Posted by: Geoff Gloeckler on September 6, 2011
MBA program admissions committees and MBA recruiters have come to expect their fair share of candidates who have experienced layoffs in recent years. A layoff is not a deal breaker, but how applicants to schools and jobs explain their layoff can be the difference between getting in and getting passed over.
“We understand that the economy is difficult and people have had to overcome tough situations,” says Christine Sneva, director of admissions and financial aid at Cornell University’s Johnson Graduate School of Management, in an e-mail. “When candidates try to avoid [a layoff] on their resume or in an interview, it sends the wrong signals.”
Those who want to send the right signals should be honest and forthright, say admissions and career placement experts. Here is a guide on how to explain layoffs when applying to business school or a job:
Describe what you have learned.
A layoff can feel like a defeat. Leaders, say experts, will dust themselves off and move on quickly. First, they will reflect on the lessons that they have gained from the experience. It’s one of the times when a businessperson should get philosophical and reflective, writes Sneva. “I like to ask candidates if the ‘down time’ has forced them to consider a different career, work/life balance, or if their professional values have changed,” she says. “I am very interested to learn if someone is being introspective and resilient through such an experience.”
Tell your story.
Facing the layoff head on - and making lemonade out of this lemon - is indeed one's best bet, says Jim Kranzusch, executive director of MBA Career Services at Georgia Tech's College of Management. When talking to applicants to Georgia Tech's MBA program, Kranzusch and his colleagues want to know about what led to the layoff and what role, if any, this played into the decision to return to school.
Circumstance matters, he adds, and candidates should be explicit. For instance, if they are coming off a layoff from a company that completely closed down or experienced well-known layoffs or they are coming out of an industry, such as construction, which is facing a major downturn, the layoff seems run-of-the-mill and understandable. If the person has been laid off when no one else lost his or her job, then it's a bad sign, says Kranzusch.
Still, candidates must be authentic and genuine in their explanation, writes Sneva. Trying to duck the question or, worse, lying, will mean a rejection from admissions committees or recruiters. Dishonesty or trying to hide from the layoff will only work against a candidate, warn career and admissions experts. "Often, I find candidates try and rework their resumes to make the layoff harder to detect, but I do not recommend that strategy because the application and interview require a sequential accounting of their work history," says Julie Barefoot, associate dean of MBA Admissions at Emory University's Goizueta Business School, in an e-mail. "The layoff will come out in the end and then applicants can't discuss it on their own terms. It's always best for the applicant to control the situation and in a sense, the messaging to the admissions officer/committees."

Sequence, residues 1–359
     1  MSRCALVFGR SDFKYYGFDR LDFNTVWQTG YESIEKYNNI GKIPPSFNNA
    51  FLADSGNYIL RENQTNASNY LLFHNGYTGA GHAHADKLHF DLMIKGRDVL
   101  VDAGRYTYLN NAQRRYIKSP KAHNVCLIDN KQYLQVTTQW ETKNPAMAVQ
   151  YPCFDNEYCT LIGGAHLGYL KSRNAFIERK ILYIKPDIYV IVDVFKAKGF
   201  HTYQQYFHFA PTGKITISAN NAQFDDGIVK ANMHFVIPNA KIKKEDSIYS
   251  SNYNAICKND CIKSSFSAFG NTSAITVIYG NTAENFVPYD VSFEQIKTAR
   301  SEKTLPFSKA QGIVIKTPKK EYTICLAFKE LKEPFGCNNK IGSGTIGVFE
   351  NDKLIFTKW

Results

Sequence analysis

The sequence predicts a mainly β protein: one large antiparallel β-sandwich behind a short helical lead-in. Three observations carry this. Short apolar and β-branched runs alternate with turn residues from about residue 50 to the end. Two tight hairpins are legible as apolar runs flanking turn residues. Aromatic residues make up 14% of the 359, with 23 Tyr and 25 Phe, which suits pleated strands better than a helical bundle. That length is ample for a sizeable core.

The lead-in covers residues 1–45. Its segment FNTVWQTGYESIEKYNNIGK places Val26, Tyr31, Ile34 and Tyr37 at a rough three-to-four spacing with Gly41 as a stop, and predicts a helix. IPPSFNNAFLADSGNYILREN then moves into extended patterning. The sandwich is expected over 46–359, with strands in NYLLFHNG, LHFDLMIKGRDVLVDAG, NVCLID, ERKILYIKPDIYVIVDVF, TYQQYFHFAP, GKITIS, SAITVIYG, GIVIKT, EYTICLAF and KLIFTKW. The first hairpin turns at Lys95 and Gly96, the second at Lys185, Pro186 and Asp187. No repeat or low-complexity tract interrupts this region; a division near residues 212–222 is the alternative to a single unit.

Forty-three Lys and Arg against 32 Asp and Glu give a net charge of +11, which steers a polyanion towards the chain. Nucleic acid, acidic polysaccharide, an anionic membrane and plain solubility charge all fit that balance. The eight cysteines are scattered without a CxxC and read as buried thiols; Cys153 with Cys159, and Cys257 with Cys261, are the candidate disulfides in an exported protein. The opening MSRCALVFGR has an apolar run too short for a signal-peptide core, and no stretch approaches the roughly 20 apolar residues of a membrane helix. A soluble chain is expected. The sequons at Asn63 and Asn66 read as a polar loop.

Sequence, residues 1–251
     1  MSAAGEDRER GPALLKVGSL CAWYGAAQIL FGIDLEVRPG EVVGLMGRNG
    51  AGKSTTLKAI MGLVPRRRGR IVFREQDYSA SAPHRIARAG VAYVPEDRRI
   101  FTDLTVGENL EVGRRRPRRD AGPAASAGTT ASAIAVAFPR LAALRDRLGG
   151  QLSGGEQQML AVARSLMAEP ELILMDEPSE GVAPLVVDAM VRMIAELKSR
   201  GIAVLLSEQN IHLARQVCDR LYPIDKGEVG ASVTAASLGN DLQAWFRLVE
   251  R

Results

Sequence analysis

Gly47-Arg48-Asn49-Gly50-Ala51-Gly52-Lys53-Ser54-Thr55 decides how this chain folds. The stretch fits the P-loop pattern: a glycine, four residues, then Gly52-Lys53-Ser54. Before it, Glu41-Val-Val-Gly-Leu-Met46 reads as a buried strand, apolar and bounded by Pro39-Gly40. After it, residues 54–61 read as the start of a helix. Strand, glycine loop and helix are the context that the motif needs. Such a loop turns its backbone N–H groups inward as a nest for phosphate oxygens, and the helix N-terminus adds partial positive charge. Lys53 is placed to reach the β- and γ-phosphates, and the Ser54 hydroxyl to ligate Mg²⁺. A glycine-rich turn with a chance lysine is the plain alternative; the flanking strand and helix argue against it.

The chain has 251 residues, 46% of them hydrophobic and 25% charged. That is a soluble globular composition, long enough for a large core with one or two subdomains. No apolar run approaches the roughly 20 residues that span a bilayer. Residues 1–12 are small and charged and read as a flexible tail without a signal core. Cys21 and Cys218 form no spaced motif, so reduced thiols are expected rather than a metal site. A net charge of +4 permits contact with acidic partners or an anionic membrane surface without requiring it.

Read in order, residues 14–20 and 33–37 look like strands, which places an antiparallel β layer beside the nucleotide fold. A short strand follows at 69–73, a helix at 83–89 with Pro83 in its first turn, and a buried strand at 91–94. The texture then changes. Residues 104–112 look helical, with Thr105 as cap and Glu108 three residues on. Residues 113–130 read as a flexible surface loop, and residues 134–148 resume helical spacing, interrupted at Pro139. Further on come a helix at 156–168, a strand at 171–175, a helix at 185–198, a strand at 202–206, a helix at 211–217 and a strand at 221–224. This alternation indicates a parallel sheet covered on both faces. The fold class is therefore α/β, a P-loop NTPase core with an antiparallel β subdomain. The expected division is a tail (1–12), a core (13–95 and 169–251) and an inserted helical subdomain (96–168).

Show grit and determination.
After a layoff, the now unemployed have lots of free time. Making the most of those extra hours is one way to prove one's potential to employers or educators. "Really motivated people find temporary work," says Kranzusch. "If they don't, a red flag goes up." He cites the example of an applicant who was an award-winning sports writer in Tennessee, who lost his job and took on part-time work as a blogger for the Atlanta Journal-Constitution. On the other hand, some applicants are honest about going to business school to escape a layoff, and that is not going to win them points. "We had someone who wanted to hide out in graduate school after a layoff in the field of law," says Kranzusch. "We didn't accept him."
Business schools and employers alike want to see what laid-off applicants have done to find a new job and how they have spent their days. "When applicants discuss their layoffs, it's important they are up-front about their job status, and they should share what they've been doing to either secure another position and/or how they have productively spent their time since their layoff," writes Barefoot.
Refrain from dwelling.
Whether talking to a recruiter or admissions representative, applicants should quickly explain the layoff and then move on to their achievements and skills. "The biggest mistake is when they go into too much detail about the situation," says Wendy Tsung, associate dean and executive director of MBA Career Services at Goizueta, in an e-mail. "Everyone knows the last few years have been challenging. State what happened, how you were impacted, what you learned, and then move on." Practicing your explanation, she adds, is the best way to prevent droning on when it's show time.
Realize you're not alone.
Business schools are reporting that more applicants than ever have experienced one or more layoffs before applying to the program. Most of them have reasonable explanations, get internships, and therefore have little trouble finding a job, say administrators. Knowing there are others in a similar situation can minimize applicants' concerns. "Take comfort in the fact that this has happened to many others," says Kranzusch. "It's not as big a deal as you have made it in your mind."
-Francesca Di Meglio